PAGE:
‘Nine Lives' an engrossing microlook at New Orleans

‘Nine Lives' an engrossing microlook at New Orleans
August 15, 2009

("Nine Lives: Death and Life in New Orleans" by Dan Baum, Spiegel and Grau, 2009, 323 pages, $26).

Is "Nine Lives" about New Orleans or is it about people who live in New Orleans? Readers will have to make their own decisions.

In this extension of a profile series he wrote for the New Yorker, Dan Baum looks at nine real-life citizens of New Orleans, following them in vivid detail from 1965 (roughly the time of Hurricane Betsy) to 2007 and the aftermath of Katrina.

Baum arrived two days after the levees broke and stayed three weeks, returning time and time again for more research. "Nine Lives" represents nine subcultures living or surviving in a city known as the least-organized in America - a city not much larger than Lincoln.

Baum focuses on the area known as the Lower Ninth Ward. In 1965, awash in water all the way to their rooftops, residents thought Hurricane Betsy was as bad as it could get.

They were wrong.

Katrina obliterated the Lower Ninth Ward and left the balance of the city in ruin. Some of the nine who were profiled escaped, others chose to remain and still others were trapped.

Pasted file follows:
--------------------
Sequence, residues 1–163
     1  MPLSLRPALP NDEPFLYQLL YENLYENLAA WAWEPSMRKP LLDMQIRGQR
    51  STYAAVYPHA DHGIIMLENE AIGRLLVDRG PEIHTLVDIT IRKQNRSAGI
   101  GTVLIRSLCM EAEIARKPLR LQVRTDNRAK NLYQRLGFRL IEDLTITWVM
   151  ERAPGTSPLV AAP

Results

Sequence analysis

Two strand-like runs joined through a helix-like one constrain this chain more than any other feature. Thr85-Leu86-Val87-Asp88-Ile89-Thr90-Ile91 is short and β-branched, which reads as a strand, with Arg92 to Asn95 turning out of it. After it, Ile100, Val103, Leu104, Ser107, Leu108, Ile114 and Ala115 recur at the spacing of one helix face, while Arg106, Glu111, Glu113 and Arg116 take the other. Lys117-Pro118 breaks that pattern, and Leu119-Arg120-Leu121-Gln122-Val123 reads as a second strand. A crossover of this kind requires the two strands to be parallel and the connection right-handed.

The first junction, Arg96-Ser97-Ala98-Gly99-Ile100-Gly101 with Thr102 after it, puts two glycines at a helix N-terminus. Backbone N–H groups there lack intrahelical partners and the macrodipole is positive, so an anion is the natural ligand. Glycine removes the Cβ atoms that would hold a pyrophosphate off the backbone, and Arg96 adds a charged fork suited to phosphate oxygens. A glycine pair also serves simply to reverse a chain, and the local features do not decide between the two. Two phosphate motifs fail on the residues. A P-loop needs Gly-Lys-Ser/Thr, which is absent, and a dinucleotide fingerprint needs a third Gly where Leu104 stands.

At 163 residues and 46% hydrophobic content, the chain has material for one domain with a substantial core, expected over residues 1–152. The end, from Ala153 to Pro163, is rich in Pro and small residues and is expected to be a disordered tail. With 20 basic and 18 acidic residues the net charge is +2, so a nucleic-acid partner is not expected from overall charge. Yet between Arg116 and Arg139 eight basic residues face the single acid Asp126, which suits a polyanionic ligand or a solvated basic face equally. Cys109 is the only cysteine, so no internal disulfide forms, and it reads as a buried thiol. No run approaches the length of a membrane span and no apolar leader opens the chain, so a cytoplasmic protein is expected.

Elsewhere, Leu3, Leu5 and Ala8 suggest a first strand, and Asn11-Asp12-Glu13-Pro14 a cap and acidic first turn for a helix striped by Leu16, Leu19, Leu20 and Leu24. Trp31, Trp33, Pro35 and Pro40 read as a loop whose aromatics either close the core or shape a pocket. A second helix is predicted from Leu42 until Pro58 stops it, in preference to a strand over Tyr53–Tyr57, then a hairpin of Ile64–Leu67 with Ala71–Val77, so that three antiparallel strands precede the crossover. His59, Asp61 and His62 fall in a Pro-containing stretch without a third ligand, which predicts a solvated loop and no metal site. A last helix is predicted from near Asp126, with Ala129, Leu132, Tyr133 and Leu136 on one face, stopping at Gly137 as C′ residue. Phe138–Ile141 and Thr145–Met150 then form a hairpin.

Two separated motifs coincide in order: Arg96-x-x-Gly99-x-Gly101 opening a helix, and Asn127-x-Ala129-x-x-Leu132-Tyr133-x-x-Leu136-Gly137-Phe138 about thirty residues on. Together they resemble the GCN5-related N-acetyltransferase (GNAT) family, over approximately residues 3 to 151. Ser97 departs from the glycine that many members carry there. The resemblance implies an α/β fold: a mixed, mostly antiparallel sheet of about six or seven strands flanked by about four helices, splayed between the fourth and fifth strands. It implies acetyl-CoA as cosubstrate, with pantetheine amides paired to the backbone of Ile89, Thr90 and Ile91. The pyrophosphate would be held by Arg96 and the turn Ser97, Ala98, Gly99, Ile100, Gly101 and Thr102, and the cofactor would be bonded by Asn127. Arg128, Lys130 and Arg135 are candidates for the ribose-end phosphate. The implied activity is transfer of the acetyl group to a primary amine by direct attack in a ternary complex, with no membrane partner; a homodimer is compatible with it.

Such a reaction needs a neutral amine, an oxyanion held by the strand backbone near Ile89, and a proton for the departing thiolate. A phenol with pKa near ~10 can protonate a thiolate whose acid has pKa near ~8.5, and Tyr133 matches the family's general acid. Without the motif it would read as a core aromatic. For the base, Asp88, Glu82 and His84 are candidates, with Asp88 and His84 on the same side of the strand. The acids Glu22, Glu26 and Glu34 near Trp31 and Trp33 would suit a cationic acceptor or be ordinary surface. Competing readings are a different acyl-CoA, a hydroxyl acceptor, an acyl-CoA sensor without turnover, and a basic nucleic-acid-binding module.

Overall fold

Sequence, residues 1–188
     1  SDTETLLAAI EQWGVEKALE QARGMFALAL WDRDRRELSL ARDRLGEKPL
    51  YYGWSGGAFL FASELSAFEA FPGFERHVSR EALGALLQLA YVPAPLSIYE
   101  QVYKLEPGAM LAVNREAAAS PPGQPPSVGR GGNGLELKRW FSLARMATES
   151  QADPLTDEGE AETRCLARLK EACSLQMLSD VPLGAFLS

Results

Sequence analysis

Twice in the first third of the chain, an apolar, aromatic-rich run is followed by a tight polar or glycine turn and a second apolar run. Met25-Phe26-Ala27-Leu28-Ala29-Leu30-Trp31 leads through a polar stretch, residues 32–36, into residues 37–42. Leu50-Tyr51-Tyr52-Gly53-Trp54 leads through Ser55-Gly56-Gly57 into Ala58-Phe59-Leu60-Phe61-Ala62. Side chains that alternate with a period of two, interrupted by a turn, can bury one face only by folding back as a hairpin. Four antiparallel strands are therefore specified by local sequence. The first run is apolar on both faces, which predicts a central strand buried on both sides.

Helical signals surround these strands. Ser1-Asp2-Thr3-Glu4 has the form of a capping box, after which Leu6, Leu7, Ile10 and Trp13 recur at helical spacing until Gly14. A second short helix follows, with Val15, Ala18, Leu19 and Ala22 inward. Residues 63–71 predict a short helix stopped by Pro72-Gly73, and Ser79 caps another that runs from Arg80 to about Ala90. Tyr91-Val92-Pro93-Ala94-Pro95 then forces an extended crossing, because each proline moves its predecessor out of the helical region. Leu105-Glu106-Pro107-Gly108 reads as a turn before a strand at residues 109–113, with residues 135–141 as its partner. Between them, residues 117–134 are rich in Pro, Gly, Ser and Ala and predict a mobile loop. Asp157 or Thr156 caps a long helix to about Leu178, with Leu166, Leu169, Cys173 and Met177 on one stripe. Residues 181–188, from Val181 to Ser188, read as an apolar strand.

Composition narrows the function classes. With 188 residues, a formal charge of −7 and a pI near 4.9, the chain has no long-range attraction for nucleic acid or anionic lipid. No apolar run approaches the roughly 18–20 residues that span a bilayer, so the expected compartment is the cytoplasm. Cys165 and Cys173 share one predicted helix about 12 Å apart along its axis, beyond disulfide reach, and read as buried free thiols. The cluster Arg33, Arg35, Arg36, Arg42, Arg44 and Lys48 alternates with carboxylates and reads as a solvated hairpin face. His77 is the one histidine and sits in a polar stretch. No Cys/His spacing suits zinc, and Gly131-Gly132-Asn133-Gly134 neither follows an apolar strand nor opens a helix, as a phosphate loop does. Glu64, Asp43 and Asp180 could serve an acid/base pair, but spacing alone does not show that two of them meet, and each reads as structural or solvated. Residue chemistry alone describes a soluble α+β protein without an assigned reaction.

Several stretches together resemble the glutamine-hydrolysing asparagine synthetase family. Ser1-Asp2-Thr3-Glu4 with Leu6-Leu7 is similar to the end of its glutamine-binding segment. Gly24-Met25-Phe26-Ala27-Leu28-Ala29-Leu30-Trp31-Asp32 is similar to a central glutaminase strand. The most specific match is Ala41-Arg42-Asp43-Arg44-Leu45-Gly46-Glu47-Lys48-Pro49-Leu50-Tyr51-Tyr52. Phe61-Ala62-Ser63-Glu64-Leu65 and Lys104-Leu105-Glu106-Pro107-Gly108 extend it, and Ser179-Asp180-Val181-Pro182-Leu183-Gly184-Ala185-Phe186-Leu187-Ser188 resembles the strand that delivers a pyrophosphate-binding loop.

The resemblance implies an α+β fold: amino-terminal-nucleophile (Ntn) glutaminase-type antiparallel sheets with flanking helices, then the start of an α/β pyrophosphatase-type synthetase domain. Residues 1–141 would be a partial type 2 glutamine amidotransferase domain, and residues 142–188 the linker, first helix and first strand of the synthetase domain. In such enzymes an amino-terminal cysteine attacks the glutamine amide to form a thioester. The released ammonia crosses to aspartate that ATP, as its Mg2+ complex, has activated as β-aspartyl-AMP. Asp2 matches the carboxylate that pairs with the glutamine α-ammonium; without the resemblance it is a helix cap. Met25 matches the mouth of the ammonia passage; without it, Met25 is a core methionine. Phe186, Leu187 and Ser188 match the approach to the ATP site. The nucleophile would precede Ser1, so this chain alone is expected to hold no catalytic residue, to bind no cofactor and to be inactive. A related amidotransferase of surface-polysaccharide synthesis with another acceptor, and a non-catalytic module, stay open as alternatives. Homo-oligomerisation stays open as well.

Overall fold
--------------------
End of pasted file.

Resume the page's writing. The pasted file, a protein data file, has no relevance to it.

The nine people profiled volunteered hours and hours to the author to reflect on their lives and their city, They include:

* A poor Ninth Warder living in a "shotgun house," whose life is always focused on sewing a costume for the next year's Mardi Gras.

* The "honest" cop who spends most of the days around Katrina holed up in a motel with fellow officers worrying about how to keep the beer cold.

* The St. Charles Avenue millionaire who made his millions through a corrupt contract with the city by taking advantage of the poor.

Yet none of these people is good or bad by New Orleans standards. They are simply New Orleans itself.

Organized chronologically, the book winds and twists individual stories as time passes. Early on, this meant rereading some parts to keep the personalities clear. It's not a book to read over a drawn-out period of time.

In short, "Nine Lives" offers an engrossing microlook at a community, giving readers a big picture of "The Big Easy."

Did Katrina change the basic character of New Orleans? Yes.

Did Katrina change the basic character of New Orleans? No.

Jim Danielson has many friends in New Orleans and has visited there both before and after Katrina.
Comments: 0